On Keeping Warm in July by Digging

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I was going through my old files recently and found some twenty-year-old clippings of a weekly gardening column I used to write for the Herald Sun in the days when it had a lively little weekend home magazine edited by a wonderful editor, the late Tony Hitchin. ‘Write me something that you would write for a dear aunt,’ he would say. ‘Someone who loves her garden and likes a good story.’ It was good advice for any newspaper columnist and off I would go, a particular dear aunt in mind, and write something I thought she would like to read.

Amongst the clippings was a column I wrote for her in 2000, in July, that typically chilly month we are enduring now, when you would rather be by a cosy fire than in a bleak, windswept garden. It was mostly about digging and, in particular, digging and tending herbaceous perennials, those plants that produce some of our finest and favourite flowers. Unlike annuals and biennials they keep growing, becoming larger and larger each year. Hugh Johnson, one of my favourite garden writers, says that by combining the permanence and certainty of shrubs with the brilliance of annuals they make themselves indispensable.

Among these indispensables are gorgeous plants like cannas, shasta daisies, Japanese anenomes, day lilies, delphiniums, aquilegias, lupins, borage and more. They flower in their season, from early summer to late autumn, and die back, usually in winter. Some die back briefly; others for a month or two, so that you can easily forget where you planted them.

I was glad to find this clipping because I have planted a lot of herbaceous perennials in my new garden, relying on them to quickly fill the vast empty garden beds that came with the new house and hide the ugly paling fences and bare brick walls that back them until climbers and creepers take a hold. And they are doing just that: in three years they have grown so much I am wondering if I rather overdid the planting, but working on the principle that you can never have too much of a good thing, I will ignore that problem for now.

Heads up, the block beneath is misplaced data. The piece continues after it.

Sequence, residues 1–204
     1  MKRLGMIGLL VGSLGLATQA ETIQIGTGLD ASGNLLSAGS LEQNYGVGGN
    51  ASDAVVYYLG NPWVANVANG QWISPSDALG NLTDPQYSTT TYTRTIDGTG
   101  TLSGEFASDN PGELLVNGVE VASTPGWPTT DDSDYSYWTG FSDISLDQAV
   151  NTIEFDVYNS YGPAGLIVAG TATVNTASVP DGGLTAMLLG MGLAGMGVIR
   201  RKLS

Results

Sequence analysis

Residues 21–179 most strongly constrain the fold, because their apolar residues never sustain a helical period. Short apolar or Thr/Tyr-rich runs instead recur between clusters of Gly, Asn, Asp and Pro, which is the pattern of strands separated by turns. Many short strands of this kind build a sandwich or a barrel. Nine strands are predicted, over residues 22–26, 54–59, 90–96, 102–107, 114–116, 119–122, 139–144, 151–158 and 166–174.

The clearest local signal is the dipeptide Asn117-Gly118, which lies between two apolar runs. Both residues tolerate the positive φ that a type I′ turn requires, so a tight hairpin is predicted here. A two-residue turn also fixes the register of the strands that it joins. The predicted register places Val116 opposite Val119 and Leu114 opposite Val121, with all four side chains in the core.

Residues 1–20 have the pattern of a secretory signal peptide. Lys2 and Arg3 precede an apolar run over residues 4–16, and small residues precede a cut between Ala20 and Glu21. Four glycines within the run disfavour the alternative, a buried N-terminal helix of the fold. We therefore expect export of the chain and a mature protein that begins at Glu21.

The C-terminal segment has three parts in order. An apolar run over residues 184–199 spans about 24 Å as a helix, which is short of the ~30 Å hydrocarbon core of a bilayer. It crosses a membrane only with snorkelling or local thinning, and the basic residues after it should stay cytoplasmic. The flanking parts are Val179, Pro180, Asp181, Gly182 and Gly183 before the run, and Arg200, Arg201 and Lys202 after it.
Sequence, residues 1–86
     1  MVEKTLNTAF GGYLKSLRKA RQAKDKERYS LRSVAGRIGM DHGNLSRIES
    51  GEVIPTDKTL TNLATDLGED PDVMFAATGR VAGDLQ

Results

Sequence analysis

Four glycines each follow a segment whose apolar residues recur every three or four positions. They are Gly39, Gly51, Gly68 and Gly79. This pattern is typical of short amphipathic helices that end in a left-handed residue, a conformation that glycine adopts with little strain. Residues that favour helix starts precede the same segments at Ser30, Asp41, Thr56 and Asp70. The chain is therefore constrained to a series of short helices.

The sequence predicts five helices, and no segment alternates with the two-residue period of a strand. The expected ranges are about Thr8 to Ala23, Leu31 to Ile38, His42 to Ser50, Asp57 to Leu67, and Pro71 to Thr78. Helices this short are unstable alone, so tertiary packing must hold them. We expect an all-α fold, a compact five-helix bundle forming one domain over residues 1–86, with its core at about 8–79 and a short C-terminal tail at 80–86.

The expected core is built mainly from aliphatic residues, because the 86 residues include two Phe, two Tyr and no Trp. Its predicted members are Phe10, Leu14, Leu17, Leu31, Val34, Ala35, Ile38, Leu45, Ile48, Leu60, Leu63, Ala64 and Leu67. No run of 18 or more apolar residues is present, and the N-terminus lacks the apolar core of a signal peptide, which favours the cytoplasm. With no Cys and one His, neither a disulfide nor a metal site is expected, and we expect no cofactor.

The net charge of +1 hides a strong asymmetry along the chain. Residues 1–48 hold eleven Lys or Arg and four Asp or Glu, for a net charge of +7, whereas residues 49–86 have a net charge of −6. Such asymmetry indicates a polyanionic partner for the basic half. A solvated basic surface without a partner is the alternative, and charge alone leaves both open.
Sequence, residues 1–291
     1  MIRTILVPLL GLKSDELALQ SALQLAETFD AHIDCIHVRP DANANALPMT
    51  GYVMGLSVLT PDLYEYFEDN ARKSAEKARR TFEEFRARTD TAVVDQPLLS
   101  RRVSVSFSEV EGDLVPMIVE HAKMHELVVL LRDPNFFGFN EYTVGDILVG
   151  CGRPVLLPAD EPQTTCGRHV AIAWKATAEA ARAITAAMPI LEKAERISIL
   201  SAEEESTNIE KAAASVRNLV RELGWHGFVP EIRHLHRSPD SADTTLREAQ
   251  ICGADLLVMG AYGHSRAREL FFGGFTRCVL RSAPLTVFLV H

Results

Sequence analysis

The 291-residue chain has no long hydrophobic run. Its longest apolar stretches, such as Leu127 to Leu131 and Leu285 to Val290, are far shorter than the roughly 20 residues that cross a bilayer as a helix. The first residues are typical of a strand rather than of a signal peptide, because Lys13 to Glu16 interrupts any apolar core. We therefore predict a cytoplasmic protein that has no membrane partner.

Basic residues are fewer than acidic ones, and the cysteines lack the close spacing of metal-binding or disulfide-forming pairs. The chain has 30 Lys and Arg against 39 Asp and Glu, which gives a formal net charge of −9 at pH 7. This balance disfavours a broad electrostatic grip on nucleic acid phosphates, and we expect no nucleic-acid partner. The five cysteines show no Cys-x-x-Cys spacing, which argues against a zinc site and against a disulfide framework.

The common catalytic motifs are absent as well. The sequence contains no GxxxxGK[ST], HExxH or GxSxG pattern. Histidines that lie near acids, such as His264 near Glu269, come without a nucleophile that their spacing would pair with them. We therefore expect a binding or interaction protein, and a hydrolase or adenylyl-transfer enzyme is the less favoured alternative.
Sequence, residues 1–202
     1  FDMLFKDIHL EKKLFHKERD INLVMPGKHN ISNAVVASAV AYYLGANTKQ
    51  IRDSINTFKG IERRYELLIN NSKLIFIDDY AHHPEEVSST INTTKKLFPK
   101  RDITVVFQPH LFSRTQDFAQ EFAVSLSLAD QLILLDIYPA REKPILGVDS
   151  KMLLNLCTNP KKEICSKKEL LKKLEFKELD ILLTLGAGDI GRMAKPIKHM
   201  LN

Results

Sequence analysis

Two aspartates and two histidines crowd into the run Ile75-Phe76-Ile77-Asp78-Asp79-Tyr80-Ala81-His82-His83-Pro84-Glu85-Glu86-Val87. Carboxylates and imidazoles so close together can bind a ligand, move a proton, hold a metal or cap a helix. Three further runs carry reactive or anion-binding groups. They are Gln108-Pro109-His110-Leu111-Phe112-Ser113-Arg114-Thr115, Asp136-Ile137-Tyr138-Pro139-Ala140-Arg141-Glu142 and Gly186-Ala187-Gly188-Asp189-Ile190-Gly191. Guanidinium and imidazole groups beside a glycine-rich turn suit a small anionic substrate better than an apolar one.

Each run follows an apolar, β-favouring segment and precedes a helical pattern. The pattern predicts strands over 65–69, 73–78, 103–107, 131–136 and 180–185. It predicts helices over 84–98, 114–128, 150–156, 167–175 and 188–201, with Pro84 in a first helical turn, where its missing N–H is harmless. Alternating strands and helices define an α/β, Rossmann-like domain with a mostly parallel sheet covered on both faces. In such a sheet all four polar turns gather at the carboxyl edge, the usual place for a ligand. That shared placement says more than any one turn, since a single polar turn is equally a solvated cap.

Gardening being a perennial subject, I was glad to find that what I wrote then has not dated. This is what it said.

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On making a backyard into a garden …

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The builders have left the site and you are left contemplating a desert. Or, the estate agent has put up the sold sign and you have your dream home — well, it will be when renovations are done. But the garden! It’s more the stuff of nightmare.

This daunting prospect faced me many years ago — more years ago than I care to remember, actually. It was the late 1960s and the backyard of the little terrace house  we had just committed our meagre finances to seemingly forever was just that: a backyard, an ugly bleak space that you could never have called a garden.

I was young and new to gardening, an occupation of ancients in my eyes, and I floundered around, not knowing where to begin with this gardening business, but, as luck would have it,  I found some superb garden writers, all of whom had a thousand wonderful things to say about gardens, and especially where to begin. Perhaps they will be helpful for you too. Continue reading